Objective Elevated resting heart rate (RHR) has been shown to be a risk marker for cardiovascular disease. Results from studies on the effects of RHR in large arteries are limited to the functional changes of those arteries, while the association between RHR and aortic diameter remains largely understudied. Methods This was a cross sectional study of hypertensive Chinese adults from rural areas. The maximum infrarenal aortic diameter (maxIAD) from renal arteries to the iliac bifurcation was obtained by ultrasound. MaxIADs in different RHR groups were compared in males and females separately because of the significant differences between sexes. Multiple regression analysis was used to determinate the correlation between RHR and maxIAD. Further interactions between three factors (BMI, smoking, and anti-hypertensive regimens) and RHR for maxIAD were examined using subgroup analysis. Results 19,200 subjects were enrolled in the study, with an average age of 64.8±7.4 years and 61.6% females. Only 22 cases (0.11%) were detected with AAA, with males (n = 17) presenting a higher AAA incidence than females (n = 5). In subjects ≥65 years, there were 18 (0.19%) AAA, and 15 (83.3%) had a history of smoking. In the total subjects, the mean maxIAD ranged from 15.7±2.1 mm to 15.2±2.2 mm as RHR changed from the lowest quartile to the highest (≥84 bpm) in males, with a similar tendency observed in females. The correlation coefficient of RHR on maxIAD was -0.17 in males and -0.12 in females. Further subgroup analysis revealed that smoking exaggerated the correlation between RHR and maxIAD, but only in females. Conclusions A low AAA incidence was observed in this hypertensive Chinese population. There was a negative association between RHR and maxIAD, potentially exaggerated by smoking, especially in females.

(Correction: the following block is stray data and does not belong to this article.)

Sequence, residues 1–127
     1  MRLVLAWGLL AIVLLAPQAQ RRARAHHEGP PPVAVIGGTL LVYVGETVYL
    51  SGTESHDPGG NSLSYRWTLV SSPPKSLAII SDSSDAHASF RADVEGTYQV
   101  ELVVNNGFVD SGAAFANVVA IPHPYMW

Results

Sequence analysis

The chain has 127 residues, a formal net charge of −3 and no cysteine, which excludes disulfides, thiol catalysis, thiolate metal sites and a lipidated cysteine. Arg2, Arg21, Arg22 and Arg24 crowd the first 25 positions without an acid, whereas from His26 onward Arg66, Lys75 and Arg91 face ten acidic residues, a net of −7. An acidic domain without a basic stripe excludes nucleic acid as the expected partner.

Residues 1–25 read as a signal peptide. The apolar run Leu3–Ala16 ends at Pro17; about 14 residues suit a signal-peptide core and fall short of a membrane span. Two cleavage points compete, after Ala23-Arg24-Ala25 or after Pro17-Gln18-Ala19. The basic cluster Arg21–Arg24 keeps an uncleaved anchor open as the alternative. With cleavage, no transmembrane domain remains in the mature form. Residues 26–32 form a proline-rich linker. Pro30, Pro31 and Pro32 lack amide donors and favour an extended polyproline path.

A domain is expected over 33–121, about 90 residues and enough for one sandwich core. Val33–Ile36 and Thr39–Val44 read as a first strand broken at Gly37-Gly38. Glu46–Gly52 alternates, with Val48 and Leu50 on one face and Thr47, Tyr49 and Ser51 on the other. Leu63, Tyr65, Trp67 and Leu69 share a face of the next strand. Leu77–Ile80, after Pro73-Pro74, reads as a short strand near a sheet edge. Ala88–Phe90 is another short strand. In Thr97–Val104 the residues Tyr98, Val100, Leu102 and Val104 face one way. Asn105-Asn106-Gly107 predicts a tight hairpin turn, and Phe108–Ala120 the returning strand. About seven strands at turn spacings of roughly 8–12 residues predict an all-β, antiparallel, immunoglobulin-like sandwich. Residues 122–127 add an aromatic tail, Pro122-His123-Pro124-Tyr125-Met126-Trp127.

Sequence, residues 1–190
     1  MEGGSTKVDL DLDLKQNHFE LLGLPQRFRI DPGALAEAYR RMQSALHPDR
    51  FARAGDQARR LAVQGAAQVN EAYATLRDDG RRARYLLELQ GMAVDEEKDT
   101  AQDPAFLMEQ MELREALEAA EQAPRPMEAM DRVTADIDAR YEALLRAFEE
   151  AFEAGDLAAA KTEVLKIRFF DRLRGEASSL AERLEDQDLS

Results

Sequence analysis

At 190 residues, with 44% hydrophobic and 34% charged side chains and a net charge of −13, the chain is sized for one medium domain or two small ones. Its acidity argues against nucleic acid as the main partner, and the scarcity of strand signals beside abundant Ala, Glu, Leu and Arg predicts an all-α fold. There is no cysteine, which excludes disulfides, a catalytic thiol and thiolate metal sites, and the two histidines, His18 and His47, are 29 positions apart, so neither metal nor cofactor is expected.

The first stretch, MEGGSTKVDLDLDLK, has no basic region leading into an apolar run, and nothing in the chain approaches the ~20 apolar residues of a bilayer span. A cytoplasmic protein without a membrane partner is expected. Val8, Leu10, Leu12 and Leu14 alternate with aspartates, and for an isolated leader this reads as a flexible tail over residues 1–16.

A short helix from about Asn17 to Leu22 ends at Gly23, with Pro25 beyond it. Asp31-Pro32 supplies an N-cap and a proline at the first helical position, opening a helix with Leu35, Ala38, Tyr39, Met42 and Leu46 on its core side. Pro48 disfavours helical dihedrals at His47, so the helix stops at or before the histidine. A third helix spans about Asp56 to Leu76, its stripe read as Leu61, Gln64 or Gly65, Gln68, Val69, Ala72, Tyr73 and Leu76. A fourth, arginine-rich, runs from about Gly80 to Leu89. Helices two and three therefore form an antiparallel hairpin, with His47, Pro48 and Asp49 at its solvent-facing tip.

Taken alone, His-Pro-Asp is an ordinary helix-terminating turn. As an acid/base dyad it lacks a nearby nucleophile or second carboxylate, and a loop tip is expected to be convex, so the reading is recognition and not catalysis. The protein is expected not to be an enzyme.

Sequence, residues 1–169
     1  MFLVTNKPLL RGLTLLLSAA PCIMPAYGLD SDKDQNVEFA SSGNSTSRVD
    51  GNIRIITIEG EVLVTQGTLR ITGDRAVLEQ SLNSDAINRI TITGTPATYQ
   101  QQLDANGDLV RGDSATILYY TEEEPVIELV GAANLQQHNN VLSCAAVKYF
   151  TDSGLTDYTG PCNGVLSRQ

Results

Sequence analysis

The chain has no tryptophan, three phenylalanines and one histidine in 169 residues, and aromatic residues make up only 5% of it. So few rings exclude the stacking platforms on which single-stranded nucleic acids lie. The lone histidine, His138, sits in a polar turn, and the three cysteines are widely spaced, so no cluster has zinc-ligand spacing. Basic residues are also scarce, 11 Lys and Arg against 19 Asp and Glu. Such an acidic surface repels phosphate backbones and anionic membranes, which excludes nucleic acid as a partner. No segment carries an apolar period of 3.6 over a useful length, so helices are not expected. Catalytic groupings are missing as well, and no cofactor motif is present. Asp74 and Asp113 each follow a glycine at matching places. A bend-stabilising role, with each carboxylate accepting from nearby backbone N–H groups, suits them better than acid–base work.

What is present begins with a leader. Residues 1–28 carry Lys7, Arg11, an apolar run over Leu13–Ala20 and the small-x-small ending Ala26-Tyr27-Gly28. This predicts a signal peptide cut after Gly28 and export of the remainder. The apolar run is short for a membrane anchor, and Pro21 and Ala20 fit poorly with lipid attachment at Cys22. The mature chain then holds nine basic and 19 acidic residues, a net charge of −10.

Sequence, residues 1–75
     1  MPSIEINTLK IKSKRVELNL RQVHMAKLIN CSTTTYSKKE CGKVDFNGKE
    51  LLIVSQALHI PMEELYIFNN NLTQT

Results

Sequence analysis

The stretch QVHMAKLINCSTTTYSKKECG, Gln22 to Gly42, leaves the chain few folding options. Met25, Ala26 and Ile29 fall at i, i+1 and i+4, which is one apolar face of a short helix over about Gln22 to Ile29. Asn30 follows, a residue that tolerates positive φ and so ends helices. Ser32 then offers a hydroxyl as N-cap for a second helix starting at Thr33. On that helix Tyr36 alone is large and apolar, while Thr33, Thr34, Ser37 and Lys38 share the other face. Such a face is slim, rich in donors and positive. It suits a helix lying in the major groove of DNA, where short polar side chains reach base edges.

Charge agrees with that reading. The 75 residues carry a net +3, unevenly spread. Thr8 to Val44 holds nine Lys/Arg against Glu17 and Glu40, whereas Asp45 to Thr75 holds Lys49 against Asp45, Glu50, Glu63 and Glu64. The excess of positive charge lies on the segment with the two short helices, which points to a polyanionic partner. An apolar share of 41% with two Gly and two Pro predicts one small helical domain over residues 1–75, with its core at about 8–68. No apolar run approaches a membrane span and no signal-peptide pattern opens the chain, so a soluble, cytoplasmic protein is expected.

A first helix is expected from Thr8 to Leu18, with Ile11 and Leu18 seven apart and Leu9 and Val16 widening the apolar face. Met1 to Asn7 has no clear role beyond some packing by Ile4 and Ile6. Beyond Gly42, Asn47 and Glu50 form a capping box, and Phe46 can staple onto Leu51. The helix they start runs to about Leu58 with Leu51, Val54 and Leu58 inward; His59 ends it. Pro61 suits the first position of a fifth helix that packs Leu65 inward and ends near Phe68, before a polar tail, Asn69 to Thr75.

|Number of pages||8|
|Journal||European Journal of Vascular and Endovascular Surgery|
|State||Published - 1 Dec 2015|
- Aortic diameter
- Aortic dilatation
- Atherosclerotic stenosis
- Resting heart rate